During what seemed like hours that we sat in crowded medical waiting rooms, my mother and I made small talk that quickly petered out. I flipped through old magazines when I couldn’t concentrate on reading my book. I scrolled through my phone absentmindedly. I was irritated and restless. I was also bored.
I was often bored during my caregiving years. Because we spent so many hours in each other’s company, my mother and I usually ran out of things to say to each other, except for what was immediately necessary. (“Don’t forget to use your walker” or “What do you want for lunch?”) She liked to watch the same game show on TV every evening — which drove me stir-crazy. I sometimes pulled out old photo albums of her world travels to prompt her to reminisce about happier times. But even this activity became repetitive and dull.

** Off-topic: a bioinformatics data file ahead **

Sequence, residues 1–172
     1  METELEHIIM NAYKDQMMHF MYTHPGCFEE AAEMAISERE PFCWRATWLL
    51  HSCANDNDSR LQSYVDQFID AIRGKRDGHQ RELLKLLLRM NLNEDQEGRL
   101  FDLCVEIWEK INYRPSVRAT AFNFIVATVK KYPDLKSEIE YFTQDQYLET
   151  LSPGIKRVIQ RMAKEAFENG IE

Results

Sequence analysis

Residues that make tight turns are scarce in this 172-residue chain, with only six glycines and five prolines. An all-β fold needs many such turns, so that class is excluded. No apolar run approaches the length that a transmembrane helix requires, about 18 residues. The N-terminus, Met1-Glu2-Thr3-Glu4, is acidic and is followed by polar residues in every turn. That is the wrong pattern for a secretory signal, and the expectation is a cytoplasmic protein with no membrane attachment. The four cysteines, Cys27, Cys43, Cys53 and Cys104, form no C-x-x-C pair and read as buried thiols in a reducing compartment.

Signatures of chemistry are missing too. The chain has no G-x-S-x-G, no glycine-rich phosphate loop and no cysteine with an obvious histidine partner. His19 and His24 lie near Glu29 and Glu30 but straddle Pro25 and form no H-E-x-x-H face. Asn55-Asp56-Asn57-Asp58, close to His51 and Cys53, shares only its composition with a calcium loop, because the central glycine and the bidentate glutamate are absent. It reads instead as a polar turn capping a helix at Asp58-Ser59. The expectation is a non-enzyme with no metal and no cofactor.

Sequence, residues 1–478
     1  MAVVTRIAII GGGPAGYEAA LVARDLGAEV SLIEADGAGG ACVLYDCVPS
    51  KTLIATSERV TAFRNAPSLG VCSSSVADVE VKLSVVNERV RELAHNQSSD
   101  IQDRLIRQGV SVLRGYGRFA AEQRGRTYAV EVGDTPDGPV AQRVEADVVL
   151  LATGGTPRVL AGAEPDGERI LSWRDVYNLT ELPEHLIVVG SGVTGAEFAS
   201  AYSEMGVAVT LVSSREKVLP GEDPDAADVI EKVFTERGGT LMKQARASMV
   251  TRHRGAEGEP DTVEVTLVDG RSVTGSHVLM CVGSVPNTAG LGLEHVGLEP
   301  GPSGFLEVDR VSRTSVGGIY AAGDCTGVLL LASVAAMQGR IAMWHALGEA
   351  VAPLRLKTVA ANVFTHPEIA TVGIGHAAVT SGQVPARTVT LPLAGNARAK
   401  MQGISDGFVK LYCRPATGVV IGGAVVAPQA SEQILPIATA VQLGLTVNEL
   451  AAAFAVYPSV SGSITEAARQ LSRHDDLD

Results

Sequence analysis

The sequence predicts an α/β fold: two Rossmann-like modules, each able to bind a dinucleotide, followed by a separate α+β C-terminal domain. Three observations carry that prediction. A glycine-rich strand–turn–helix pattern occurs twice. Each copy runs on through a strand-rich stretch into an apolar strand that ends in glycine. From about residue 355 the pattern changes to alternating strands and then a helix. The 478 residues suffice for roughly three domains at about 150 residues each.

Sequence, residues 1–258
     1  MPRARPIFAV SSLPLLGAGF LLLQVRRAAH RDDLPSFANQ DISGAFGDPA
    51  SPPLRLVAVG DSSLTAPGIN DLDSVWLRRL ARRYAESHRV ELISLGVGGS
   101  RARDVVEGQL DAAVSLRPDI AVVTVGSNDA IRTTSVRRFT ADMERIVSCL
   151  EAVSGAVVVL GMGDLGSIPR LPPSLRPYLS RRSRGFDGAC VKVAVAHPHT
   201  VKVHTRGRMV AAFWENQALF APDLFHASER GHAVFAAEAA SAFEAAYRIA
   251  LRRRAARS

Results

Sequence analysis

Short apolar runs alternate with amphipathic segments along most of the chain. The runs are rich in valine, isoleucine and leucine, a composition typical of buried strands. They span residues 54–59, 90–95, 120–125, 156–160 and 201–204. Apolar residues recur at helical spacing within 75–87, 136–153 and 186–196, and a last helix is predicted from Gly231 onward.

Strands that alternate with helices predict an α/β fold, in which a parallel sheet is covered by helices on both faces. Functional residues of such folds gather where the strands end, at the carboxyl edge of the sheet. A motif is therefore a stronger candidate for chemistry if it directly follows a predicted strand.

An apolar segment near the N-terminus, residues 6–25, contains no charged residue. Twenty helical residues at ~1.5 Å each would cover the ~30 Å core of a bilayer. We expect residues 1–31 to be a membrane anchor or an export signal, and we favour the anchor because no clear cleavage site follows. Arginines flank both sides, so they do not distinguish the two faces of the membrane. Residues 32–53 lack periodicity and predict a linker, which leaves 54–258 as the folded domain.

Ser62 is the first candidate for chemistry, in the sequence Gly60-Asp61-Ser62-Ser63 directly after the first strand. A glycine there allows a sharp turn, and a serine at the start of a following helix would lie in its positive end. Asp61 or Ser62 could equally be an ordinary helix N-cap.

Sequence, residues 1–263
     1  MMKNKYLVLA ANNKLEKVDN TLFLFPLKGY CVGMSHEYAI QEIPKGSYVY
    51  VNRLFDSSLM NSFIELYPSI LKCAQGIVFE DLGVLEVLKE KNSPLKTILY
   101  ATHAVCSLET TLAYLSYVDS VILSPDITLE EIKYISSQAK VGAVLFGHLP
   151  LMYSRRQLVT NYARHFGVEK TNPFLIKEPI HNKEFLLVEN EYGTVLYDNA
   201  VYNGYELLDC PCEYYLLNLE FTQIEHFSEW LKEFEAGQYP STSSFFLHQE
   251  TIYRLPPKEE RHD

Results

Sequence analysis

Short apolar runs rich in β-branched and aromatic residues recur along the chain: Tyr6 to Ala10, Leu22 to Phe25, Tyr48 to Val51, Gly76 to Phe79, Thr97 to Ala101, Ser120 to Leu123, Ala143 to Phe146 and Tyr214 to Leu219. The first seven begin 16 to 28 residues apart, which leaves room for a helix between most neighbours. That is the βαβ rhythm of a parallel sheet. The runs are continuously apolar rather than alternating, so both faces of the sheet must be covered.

Boredom is a common, unpleasant human experience when we are understimulated by our immediate situations. Even as we remain physically present, we are mentally distracted and disengaged. We then assume a universal bored look — a vacant gaze and slack jaw with a slightly downturned mouth. Our performance and morale suffer.
The fact that family caregivers are more prone to boredom than most people is not due to a lack of interest in the well-being of the people we’re caring for. To the contrary, we put up with long stretches of boredom because we want to make a positive difference. But many of the activities that caregiving requires are less than enthralling. Filling out health care insurance forms is an exercise in tedium. Sitting on the phone after a medical office receptionist has put us on hold is maddening monotony. Doing the same care routine every day — washing, dressing, feeding, doling out pills — can be stultifying drudgery.
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